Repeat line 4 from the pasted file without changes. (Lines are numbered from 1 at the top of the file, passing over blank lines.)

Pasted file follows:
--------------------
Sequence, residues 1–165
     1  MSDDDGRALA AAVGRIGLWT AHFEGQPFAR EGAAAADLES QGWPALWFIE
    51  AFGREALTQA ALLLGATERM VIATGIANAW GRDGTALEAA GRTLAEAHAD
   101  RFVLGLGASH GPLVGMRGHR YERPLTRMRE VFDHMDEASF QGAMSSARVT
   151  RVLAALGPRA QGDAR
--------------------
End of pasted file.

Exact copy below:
   101  RFVLGLGASH GPLVGMRGHR YERPLTRMRE VFDHMDEASF QGAMSSARVT